Data Wrangling – ELT not ETL

dmIn Data Science, we most often use Extract, Load and Transform (ELT) as opposed to Extract, Transform and Load (ETL) that you see most often in Business Intelligence (BI). There are a couple of reasons for this.

First, in many BI solutions you have a few data sources that you are integrating into a historical data exploration tool. You need to combine these sources into database structures like cubes. You’re setting up pre-computed set of data for users to explore and get answers to questions, often using visualizations.

To create these combined database structures from disparate data sources, you need to ensure that the data is related through a key field of some sort, and that the data are fairly homogenous – numbers are numbers (not text), text is text (not binary) and that keys fields are the same to link everything up. So you Extract the data from the sources, Transform the data into the right types and shapes, and then Load it into the analysis structures. ETL.

But in Data Science, you’re not browsing data, but looking for an answer. You’ll still extract the data – usually with far more variety and from many more sources – and you’ll probably end up processing it with several tools, from R to Azure ML, or perhaps with Python. Or more likely you’ll use many technologies (yes, SQL as well) to get different parts of the answer, or to get multiple kinds of answers. Since each technology has different aspects (R has about 9 datatypes, SQL Server over 20 for instance) you want to wait a late as possible in each step to change the source data in any way. Every time you change the data you lose fidelity from the source. And base data is the lifeblood of statistical analysis – the base numbers are VERY important. They have to be representative,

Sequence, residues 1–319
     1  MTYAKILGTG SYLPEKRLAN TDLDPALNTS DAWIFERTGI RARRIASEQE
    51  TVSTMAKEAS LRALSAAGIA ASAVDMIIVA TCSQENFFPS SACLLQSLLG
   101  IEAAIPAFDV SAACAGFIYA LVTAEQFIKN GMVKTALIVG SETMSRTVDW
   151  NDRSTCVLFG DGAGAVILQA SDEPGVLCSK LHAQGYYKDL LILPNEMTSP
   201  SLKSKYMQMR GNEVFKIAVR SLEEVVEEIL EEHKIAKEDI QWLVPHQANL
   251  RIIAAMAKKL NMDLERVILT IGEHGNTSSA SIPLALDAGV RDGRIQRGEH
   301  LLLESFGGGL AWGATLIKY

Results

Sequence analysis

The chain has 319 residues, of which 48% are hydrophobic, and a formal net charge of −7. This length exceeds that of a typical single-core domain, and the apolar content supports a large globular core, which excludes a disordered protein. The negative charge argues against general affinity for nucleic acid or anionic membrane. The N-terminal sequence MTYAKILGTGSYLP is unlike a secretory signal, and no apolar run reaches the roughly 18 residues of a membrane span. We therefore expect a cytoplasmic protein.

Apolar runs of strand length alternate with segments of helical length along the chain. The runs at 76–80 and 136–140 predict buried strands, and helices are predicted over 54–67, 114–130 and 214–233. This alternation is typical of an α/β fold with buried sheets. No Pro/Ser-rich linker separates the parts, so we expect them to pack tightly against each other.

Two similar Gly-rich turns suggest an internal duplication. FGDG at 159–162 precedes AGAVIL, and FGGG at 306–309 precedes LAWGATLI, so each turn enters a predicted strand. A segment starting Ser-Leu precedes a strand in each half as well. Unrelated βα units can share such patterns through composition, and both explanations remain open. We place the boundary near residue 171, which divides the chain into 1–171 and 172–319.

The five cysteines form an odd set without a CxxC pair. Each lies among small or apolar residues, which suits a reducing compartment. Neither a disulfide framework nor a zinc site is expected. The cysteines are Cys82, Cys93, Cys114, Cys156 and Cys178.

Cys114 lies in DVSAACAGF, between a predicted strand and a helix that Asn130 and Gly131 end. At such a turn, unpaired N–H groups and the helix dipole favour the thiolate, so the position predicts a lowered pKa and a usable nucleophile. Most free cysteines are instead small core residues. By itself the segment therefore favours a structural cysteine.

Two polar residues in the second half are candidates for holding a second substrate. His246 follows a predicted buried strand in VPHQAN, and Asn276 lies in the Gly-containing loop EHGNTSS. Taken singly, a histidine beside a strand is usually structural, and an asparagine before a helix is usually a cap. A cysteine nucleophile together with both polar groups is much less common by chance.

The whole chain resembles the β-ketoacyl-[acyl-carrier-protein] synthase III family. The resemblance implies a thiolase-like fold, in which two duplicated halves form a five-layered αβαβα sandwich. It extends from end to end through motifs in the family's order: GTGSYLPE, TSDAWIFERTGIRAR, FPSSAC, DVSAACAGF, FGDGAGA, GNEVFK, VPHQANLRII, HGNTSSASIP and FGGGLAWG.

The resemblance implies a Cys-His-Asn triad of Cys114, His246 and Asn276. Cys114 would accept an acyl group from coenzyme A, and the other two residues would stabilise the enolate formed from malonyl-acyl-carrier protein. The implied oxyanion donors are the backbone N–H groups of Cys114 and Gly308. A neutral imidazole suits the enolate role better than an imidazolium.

scienceSo in Data Science, you Extract, then Load, and then only at the last moment do you Transform. The overall ELT process is often called “Data Wrangling”, and has interesting direct and side effects. In the posts that follow, I’ll cover this process in more detail. For now, focus on locating, documenting and understanding the sources of your data.

3 thoughts on “Data Wrangling – ELT not ETL

  1. Great post, Buck!

    I noticed a shift from ETL to ELT (and ELTL) when SQL Server 2012 was released. I attribute it to many factors, but the speed of the relational engine tops my list. In previous versions, SSIS could transform the data in memory faster than the engine. That less often the case since 2012.



    1. I still favor BLT, but my doctor advises against!

      I concur with Andy on the shift, or in my case “drift” into ELT for pragmatic reasons.
      My client base cannot afford a true ETL process as one might run in SSIS. Although the applications are mostly BI in nature, incoming data is so widely disparate otherwise messy, that we need to run a “fast path” (Lambda or Kappa, or something in between) to get something to the client quickly. I think current nomenclature makes this a “Data Vault”, and an “immutable data store” per Martin Kleppmann.

      Depending on downstream analytics requirements, we can sometimes take a direct feed from the vault (Azure SQL DB with semi-normalized querys) and finish the job.

      If not, sometimes we “cheat” and do fast transforms via Access (easy interface) or SSMS (quicker).

      I don’t actually know what to call this, other than Data Science-y BI, with the human analyst running most of the analytics in PBI or Tableau.


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